Knowledge culture and communication culture
Use this link to citehttp://hdl.handle.net/2183/13327
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TitleKnowledge culture and communication culture
Culture of communication / Communication of culture, 2012: 1133-1139. ISBN: 978-84-9749-522-6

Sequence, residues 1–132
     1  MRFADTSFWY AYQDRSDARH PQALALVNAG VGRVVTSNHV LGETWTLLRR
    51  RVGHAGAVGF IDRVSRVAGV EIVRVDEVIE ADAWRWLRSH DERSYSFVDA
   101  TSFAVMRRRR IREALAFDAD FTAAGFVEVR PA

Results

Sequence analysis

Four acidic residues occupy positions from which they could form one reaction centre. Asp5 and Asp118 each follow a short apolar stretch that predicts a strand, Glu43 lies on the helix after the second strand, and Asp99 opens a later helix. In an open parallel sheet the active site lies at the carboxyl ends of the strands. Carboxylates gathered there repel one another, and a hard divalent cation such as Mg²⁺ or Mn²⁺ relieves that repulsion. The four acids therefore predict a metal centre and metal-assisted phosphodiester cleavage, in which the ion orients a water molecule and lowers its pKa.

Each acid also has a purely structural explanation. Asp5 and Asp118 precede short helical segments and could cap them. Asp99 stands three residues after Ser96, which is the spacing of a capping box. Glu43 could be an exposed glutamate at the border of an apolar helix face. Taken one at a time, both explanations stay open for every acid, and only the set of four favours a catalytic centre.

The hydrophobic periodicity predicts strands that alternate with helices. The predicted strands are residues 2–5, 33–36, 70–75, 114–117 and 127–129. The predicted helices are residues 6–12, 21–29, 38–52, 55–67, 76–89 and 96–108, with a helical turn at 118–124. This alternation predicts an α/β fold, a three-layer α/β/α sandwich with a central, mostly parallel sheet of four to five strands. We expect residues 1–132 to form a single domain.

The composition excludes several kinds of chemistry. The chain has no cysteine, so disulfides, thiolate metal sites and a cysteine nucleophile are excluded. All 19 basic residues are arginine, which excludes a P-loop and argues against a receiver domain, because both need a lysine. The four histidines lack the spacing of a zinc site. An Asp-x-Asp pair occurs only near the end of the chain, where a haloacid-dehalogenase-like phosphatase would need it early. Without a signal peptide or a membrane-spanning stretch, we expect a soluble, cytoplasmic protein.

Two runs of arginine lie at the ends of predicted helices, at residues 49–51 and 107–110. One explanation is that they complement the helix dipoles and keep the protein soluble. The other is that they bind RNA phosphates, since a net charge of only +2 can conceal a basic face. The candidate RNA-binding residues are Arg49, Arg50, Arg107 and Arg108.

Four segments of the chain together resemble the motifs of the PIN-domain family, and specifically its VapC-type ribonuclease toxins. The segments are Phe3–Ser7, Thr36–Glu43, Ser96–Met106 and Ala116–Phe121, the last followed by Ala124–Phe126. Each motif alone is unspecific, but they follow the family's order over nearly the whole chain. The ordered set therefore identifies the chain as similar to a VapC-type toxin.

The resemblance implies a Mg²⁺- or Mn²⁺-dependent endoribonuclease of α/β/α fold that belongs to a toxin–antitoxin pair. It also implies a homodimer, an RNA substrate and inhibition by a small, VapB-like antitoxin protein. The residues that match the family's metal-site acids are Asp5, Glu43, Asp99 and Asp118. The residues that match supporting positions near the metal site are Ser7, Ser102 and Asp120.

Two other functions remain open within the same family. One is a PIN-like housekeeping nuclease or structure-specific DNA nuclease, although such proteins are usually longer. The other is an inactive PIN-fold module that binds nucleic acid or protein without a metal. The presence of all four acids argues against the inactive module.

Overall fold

[Abstract] Knowledge culture and communication culture Once that in the Western world contemporary culture became coextensive with the communication through mass media, the prior modern knowledge culture appears as a silent one. But culture is so deeply connected with communication that cultures that do not communicate cannot exist. At the limit, silent cultures are those that valorized silence, that are not covered here, or that are silent or impose the silence on the particular level or kind of communication. The modern culture of knowledge is one of these types. Thanks to quantity and diffused, the printed book is in occidental modernity the first device of mass communication. But it is composed from digital (unmotivated, arbitrary) signs. While to understand digital signs, a printed text in general, it is necessary that the signs are previously learned. The wide spread of the printed book made necessary modern education as another half of this mass media, that tries to supply the characteristic that obstacles the printed book to became a real mass media. The „silent” culture of knowledge is based on an indirect communication in which the enounce (utterance) is important, and not the enunciation (speech act or utterance act). The communicative culture of mass media is one for which the enunciation (speech act or utterance act) is important not enounce (utterance). Moreover it is based on analog signs that do not require learning but are directly perceived. Switching from „silent” to communicative culture is to switch from a pyramidal hierarchy to the network structure, from communication as transmission of information to communication as relationship construction, from text to image, from knowledge to spectacle, from soul to body, from „know yourself” to „communicate well with yourself” and from a theoretical model of sign connected/related with transmission of information to a therapeutic model of communication.